Is optimism making you overpay for stocks? - The 5 Minute WrapUp by Equitymaster
Investing in India - 5 Minute WrapUp by Equitymaster

Is optimism making you overpay for stocks? 

A  A  A
In this issue:
» A long way to go for a pick-up in the investment cycle
» What to expect from the RBI policy tomorrow?
» What is the biggest risk for the Indian markets?
» Why the US Fed might be falling behind the inflation curve...
» ...and more!

'Bull markets are born in pessimism, grow on skepticism, mature on optimism and end in euphoria'. These are the words of legendary value investor, Sir John Templeton. We believe truer words than these about bull markets haven't been spoken. As the Indian markets are currently in a bullish phase, it is pertinent to consider the above statement. What is the mood amongst investors at the moment? The pessimism seen last year has been left far behind. In fact, after the election results in May the mood has shifted. Investors who were skeptics have become optimistic with the relentless rise in stock prices. Rising valuations of stocks, many of them with questionable fundamentals, clearly reflects the optimism in the markets.

This is why we would like to sound out a word of caution here. There is a crying need to separate optimism from realism right now. Don't get us wrong. We hold no grudge against optimism. However, the fact remains that it is not conducive for picking stocks! As Warren Buffet once opined; 'It's optimism that is the enemy of the rational buyer'. As rational stock pickers, we could not agree more.

To see irrationality in action, one needs to look no further than the e-commerce craze. In every bull market we see at least one sector where valuations go for a toss. E-commerce seems to be in the spotlight this time around. The recent US listing of Chinese e-commerce giant Alibaba has captured investor's attention. Indian e-commerce firms have received over US$ 2 bn this year from private equity (P/E) firms. This despite the fact that none of them have turned profitable! Now this has been questioned by none other than Kishore Biyani, a pioneer of organized retail in India. We agree with Mr. Biyani that the amounts being poured into e-commerce firms are excessive. However, it is also true that he did not complain when stocks of brick and mortar retail stores got sky-high valuations in the last bull market.

The fact is that the e-commerce firms hold as much potential as brick and mortar firms. But these firms are still quite small and their business models haven't matured. Thus, the investment risk is best left to the private equity firms and venture capitalists right now. What is more important? It is the lessons that the Aam investor can learn.

First of all, it is not wise to overpay for stocks. Optimistic investors who brought retail stocks like Pantaloons, at high valuations, did not enjoy a good experience. Secondly, the fundamentals always matter. In fact, in the long run, it's the only thing that matters. Never forget that you are buying a part ownership of a business, even if you buy just one share. The return you get from the stock will be closely related to the cash that the business can profitably earn. So it pays to keep a close watch on the profitability, cash flows, debt levels and return ratios at all times. Lastly, investors should realise that markets will always behave in a similar manner. The craze may change from one sector to another but every bull market will follow the pattern outlined by John Templeton.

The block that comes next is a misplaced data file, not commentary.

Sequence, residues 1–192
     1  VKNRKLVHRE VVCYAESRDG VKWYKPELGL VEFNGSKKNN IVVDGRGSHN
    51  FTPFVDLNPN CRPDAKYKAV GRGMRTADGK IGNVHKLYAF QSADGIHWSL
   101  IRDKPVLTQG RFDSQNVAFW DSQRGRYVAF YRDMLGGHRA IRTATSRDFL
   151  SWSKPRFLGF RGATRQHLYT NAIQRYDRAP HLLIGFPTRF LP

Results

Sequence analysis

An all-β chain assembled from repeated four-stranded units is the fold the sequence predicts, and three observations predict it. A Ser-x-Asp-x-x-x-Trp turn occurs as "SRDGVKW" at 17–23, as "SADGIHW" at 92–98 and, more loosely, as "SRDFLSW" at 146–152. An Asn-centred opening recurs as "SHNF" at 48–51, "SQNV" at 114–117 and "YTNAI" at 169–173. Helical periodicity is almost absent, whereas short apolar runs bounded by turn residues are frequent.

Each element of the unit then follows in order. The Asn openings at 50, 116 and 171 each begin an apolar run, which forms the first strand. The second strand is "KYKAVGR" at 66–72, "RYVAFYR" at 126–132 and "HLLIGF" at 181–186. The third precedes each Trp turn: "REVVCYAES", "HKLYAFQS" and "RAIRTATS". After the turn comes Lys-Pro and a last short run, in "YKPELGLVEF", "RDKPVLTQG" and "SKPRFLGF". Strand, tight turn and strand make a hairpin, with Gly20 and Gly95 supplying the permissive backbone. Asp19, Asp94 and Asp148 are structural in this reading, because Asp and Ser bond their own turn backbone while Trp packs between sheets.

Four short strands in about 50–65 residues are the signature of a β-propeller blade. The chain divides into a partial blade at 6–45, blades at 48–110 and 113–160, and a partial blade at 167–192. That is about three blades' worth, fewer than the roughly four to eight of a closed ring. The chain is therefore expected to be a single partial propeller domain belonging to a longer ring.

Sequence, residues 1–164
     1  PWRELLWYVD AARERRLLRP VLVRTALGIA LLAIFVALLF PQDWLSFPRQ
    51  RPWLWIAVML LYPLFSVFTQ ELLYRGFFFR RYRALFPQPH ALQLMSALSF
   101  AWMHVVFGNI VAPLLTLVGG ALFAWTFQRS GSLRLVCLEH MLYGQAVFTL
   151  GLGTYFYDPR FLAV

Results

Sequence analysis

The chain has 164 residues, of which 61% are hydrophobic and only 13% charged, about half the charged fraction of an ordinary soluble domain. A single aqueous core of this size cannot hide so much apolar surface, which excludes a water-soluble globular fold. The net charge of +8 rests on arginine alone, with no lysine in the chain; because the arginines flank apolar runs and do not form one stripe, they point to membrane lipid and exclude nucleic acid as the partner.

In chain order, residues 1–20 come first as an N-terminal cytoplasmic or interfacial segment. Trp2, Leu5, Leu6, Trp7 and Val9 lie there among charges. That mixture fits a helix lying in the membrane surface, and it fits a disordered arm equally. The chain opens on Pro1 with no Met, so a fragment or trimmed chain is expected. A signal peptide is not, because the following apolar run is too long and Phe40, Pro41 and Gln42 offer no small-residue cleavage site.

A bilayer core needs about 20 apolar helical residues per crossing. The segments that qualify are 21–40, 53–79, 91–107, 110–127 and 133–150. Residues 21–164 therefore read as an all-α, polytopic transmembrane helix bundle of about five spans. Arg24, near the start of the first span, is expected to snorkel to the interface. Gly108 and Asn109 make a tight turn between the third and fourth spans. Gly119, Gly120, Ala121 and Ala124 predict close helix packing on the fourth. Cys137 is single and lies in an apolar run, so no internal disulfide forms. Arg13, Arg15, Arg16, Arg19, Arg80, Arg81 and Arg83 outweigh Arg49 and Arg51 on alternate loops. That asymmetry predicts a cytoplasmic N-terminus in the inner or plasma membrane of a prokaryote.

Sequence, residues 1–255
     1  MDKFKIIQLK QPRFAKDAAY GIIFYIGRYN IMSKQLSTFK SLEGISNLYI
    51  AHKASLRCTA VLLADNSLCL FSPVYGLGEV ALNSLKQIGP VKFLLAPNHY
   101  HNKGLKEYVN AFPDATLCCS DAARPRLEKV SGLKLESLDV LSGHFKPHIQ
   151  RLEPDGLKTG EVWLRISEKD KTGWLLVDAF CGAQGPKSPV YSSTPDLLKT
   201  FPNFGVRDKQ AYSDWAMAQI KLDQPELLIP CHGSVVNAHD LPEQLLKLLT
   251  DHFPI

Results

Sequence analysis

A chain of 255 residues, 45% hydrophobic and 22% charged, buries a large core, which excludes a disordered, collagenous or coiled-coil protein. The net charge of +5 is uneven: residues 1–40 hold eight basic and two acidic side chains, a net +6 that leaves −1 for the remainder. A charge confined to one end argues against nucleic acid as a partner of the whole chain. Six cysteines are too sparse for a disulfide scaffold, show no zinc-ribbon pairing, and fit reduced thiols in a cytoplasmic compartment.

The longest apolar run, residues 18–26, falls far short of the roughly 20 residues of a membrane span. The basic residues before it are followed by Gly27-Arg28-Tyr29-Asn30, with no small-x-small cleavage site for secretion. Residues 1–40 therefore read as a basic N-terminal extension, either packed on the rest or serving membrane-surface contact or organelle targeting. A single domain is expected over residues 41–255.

The Indian markets are most definitely in the optimistic phase right now. Just like all bull markets, this one too will end in euphoria. We do not know when this will happen but when it does, the worst stocks to own, will be the ones which were bid up too high without the profitability to show for it.

Do you believe that investors are getting carried away with the optimism in the markets? Let us know your comments or share your views in the Equitymaster Club.

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02:40  Chart of the day
The more we listen to Modi's speeches, the more we get convinced that the 'Acche Din' are indeed here. And while inspirational speeches are all good the 'Acche Din' for economy will only return if we kick-start the whole investment & capex cycle. For only then will we be able to produce more and create more wealth for our citizens. However, an article in a leading business daily has sort of thrown a spanner in our hopes. It has reasoned that it's not going to be easy to kick-start the investment cycle. And if stats are anything to go by, we can't help but agree. As per the article, new project announcement have slowed to a crawl and are now at a two year low and nearly half as compared to same period last year!